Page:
Hero Group’s Qubo is betting on homegrown tech to take smart devices to every Indian home

Owned by Hero Group, Qubo wants to transform Indian households with its smart devices like indoor cameras and smoke sensors, which can be controlled by a single smartphone application.

Hero Group’s Qubo is betting on homegrown tech to take smart devices to every Indian home

Thursday August 24, 2023,

4 min Read

Imagine someone ringing your doorbell and their identity gets captured by a camera that can be viewed on your smartphone. And what if you end up in an accident with another vehicle while driving your car? A video captured through a dash camera will be most helpful to claim insurance. 

Now, what if both these devices can be controlled on a single smartphone app. This is what Qubo says it wants to achieve–smarter, safer, and interconnected smart home appliances.

Launched by Hero Electronix, the consumer technology arm of automobile behemoth Hero Group, in 2018, Gurugram-based Qubo aims to offer smart home devices to Indian households that want enhanced security along with the aesthetics of a modern home.

From doorbells and indoor cameras to smoke sensors and car dash cameras, Qubo’s 100-member team offers over 30 products, making it the largest smart home and devices company in the country, according to Nikhil Rajpal, CEO of Hero Electronix. Rajpal has a background in consultancy with Everest Group and EY-Parthenon.

“All of Qubo’s products are interconnected and can be controlled remotely through the smartphone app,” Rajpal tells YourStory. He adds that while most Indian households are designed to be safe and theft-proof, growing incidents of violence and illicit activities have pushed the need for enhanced security.

There are several brands offering smart home appliances today, from global tech firms Google, Apple, and Philips, to homegrown brands like Wipro and Zebronics, indicating a sizeable opportunity in India. In fact, India and Japan represent the two most profitable markets for home automation products, an industry whose value is pegged at upwards of $58 billion in 2023, according to estimates by Future Market Insights.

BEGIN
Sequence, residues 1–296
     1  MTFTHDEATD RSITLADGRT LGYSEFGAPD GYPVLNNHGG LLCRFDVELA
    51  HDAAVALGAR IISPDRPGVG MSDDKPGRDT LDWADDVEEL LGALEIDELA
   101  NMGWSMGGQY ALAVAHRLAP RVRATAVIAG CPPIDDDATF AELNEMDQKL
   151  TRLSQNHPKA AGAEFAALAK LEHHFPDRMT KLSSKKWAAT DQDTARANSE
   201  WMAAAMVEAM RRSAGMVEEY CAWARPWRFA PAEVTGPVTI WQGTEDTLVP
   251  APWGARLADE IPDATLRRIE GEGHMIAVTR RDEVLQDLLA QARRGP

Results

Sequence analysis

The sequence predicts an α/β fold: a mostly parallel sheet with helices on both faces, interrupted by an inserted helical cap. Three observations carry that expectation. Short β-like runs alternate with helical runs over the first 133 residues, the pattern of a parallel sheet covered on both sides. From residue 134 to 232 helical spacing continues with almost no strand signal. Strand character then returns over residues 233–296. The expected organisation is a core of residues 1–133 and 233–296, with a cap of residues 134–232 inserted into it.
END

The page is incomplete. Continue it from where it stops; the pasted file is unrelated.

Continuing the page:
However, Rajpal believes that the seamless integration of Qubo’s different products in a single smartphone app makes it stand out. “This has also prompted many users to try other products since they find it convenient to track all their devices in one place,” he adds.

Building hardware in India

When Hero Electronix set out to build smart home devices, it was subject to much apprehension by industry onlookers who said that it would be tough to build hardware in India, according to Rajpal.

India still, in many ways, relies on imports for important parts like semiconductors and other raw materials and would require years of effort to perfect the supply chain.

Qubo’s first product—a smart camera integrated with Alexa and a home hub—failed to pick up despite three years of research. “The most important lesson we learnt is to strengthen the technology behind the devices to make it fool-proof and reliable,” Rajpal says.

Today, Qubo’s components—which are sourced from around the world—are designed and controlled by the company through three production facilities in Bengaluru, Noida, and Tirupati.

“All of Qubo’s tech, including software, app, and the cloud, are developed in house to ensure end-to-end data security,” says Rajpal.

The starting price of Qubo’s end-to-end home security devices is Rs 2,500 and the company generates 65% of its revenue from online channels, including marketplaces like Amazon and Flipkart and its website. Its presence in more than 1,500 offline convenience and hardware stores plays a key role in capturing customers who may want to touch and feel the product before purchasing.

The Hero Group-owned company ships more than 40,000 products every month with an average ticket size of Rs 5,000, according to Rajpal.

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Growth and expansion

The startup, at present, makes a revenue of Rs 10 crore every month, and its annual revenue has tripled in the last two years. 

The company takes 18-24 months to conduct research and build new devices suited to the Indian market and has nearly 30 such devices in the pipeline today.

“We’re building for scale. While we may not offer deep discounts, we know our customers are enthusiastic about trying new products often. We are confident that we will make more money once we achieve a bigger scale,” Rajpal says.

Hero Electronix has invested about Rs 200 crore in Qubo, which expects to achieve an annual run rate of Rs 200 crore by the end of the year. The milestone could help the company onboard a new investor with fresh funding, Rajpal notes.

(Cover image by Nihar Apte)

(The story was updated to reflect that Qubo expects to achieve an ARR of Rs 200 crore by the end of the year, not Rs 130 crore)

Edited by Megha Reddy